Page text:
Amber Cheek, Mizzou’s ADA Coordinator, will lead a discussion of the evolution of disability rights advocacy and disability rights law, how cultural and historical forces in the United States shaped the experiences of people with disabilities and disability law and policy, and how you can personally advance accessibility and disability rights in your own community on an everyday basis.
Disability Law Panel
September 22 at 1 p.m.
Virtual event via Zoom; Check email or Sage for link
Learn more about the work Mizzou Law grads are doing in the area of disability law. The One Read Committee and the Disabled and Allied Law Student Association will host a panel of Mizzou Law alumni speakers on their experiences practicing and advocating in disability law. The panel includes Nikki Evans, managing attorney at Parmele Law, who litigates in workers compensation and SSI claims; Amber Cheek, the UM Director of Accessibility and ADA Coordinator, who works in university compliance; and Kim Lackey, the Sr. Director of Public Policy and Independent Living for Paraquad in St. Louis, who lobbies and advocates.
This event qualifies for Career Development Cultural Competence/Wellness credit. It is co-sponsored by the Disabled and Allied Law Student Association.
Student Accessibility Walk
September 22 at 4 p.m.
Student Center Room 2206
The Mizzou Disability Coalition is hosting its 5th Annual Student Accessibility Walk to celebrate Disability Culture Month. In this walk, we will highlight the steps that Mizzou has taken to promote accessibility around campus by visiting different areas on campus. We will also inform fellow students about how to be an ally and inclusive to the Disabled community.
Featured Speaker: Day Al-Mohamed on Disability Representation in Media
September 28 from 5-6:15 p.m.
Register on Engage: https://missouri.campuslabs.com/engage/event/7257433
More than one in ten Americans live with an apparent disability. If you consider invisible disabilities, that number goes up to 1 in 4. Yet, the portrayal of disability in popular culture, like characters in blackface, is often based on stereotypes lacking depth or understanding of the disability experience: exaggerated caricatures of heroes, victims, sidekicks, and villains. Increasingly, these portrayals impact not only the success or failure of creative endeavors, but also impact individual lives.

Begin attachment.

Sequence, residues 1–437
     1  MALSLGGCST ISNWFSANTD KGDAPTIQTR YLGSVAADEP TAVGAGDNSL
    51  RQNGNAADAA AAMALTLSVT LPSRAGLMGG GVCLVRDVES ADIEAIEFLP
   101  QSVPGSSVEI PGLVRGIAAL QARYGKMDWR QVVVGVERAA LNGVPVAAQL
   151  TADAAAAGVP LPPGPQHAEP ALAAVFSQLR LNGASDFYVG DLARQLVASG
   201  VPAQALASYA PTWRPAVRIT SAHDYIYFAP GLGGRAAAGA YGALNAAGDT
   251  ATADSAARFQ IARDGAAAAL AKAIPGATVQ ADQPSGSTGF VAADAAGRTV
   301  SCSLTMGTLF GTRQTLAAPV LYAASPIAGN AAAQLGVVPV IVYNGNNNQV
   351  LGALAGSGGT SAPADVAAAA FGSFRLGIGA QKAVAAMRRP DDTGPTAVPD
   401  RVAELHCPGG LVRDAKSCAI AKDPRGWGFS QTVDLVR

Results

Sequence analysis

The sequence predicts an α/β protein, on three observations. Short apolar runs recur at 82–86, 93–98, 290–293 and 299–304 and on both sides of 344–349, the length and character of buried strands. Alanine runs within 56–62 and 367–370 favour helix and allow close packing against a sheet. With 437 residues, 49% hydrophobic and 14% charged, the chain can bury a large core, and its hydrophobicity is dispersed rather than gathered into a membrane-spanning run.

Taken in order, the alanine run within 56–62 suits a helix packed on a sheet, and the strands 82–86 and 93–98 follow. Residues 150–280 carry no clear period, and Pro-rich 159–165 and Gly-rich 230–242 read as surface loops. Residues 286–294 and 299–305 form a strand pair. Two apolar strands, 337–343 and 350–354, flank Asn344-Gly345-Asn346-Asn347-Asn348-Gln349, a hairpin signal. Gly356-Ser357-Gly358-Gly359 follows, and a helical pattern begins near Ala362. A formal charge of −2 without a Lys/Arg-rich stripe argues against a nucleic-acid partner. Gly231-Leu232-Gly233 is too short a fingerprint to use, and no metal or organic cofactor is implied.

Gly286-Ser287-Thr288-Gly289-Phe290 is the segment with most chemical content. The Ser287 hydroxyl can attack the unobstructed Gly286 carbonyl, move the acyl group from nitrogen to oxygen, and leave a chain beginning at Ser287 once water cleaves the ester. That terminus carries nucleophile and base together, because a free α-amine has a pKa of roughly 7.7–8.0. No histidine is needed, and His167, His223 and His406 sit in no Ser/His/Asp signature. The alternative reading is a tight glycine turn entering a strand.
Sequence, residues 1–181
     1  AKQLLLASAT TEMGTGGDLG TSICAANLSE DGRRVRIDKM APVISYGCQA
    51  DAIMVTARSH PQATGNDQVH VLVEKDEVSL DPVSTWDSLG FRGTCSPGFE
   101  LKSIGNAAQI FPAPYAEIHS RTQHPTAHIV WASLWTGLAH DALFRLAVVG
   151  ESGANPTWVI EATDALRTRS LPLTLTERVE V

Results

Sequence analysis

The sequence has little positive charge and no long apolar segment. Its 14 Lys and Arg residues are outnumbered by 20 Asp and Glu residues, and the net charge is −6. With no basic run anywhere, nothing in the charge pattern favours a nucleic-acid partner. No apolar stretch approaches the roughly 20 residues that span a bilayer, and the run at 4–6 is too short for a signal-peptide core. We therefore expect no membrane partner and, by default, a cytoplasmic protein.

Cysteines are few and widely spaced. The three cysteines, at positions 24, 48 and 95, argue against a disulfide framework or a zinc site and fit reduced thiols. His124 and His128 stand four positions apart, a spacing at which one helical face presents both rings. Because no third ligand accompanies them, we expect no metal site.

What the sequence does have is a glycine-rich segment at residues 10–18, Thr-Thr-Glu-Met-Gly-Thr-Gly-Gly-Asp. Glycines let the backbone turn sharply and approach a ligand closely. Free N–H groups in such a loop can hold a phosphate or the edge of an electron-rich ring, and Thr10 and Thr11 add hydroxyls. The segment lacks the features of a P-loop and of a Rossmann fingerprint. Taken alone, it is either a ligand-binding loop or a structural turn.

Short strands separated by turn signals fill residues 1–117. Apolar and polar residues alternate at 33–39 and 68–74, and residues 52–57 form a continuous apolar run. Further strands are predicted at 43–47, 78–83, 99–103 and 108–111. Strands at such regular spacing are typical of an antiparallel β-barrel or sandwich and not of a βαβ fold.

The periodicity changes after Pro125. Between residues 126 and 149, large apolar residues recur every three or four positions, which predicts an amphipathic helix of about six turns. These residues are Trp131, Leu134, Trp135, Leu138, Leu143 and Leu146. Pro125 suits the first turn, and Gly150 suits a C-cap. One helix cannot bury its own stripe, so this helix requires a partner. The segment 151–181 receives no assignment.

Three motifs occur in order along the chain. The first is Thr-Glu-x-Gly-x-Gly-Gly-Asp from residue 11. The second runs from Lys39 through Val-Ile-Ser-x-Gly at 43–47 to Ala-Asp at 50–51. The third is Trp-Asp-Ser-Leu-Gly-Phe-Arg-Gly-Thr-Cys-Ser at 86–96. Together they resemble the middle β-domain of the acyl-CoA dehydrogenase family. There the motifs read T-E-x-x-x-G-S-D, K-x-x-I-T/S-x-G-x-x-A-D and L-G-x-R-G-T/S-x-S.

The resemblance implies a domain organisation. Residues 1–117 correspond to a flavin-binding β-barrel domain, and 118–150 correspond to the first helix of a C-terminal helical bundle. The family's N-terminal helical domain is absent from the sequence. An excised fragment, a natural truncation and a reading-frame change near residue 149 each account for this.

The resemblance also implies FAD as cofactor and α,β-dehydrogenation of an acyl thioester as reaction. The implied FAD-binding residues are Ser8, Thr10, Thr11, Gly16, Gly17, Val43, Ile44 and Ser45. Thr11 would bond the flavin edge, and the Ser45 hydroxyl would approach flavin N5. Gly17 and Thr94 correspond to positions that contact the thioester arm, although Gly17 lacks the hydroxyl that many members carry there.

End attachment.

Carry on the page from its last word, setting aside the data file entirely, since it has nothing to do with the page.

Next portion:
The protests for the film “Me Before You” are an example of this, and the perception of the value of people living with chronic health conditions during COVID is a reminder of this. Using examples from the publishing industry, independent film, popular culture, and a dash of humor, we will examine disability in media and discuss how to develop authentic disabled representation.
Invalid Corps Screening and discussion
Monday, October 11th, from 1-1:55 p.m. Room 6
Day Al-Mohamed created a short film (28 min.) highlighting the contributions of the Invalid Corps during the Civil War. The Invalid Corps was a branch of the Union Army formed during the American Civil War to allow service members injured and disabled in the war to continue to serve. They were not well regarded or treated by other service-people or civilians but still managed to play a key role in the war.
We will screen the film and discuss the portrayals and legacy of their contributions.
This event is co-sponsored by the Veterans Clinic, the Disabled and Allied Law Student Association, and the One Read Committee. The Veterans Clinic is providing pizza to registered students. Attendance is limited to 40 in Room 6 due to Covid safety protocols, but if there is more interest, we will consider opening a second room.
Access the Book
There are several ways you can access the book:
- You can purchase a print or audio copy here or here.
- Borrow it from our Law Library: The Law Library owns multiple print and electronic copies of Being Heumann. Contact the Circulation Desk for information about the book.
- Find it at a library near you: You can find local public and academic libraries that have the title.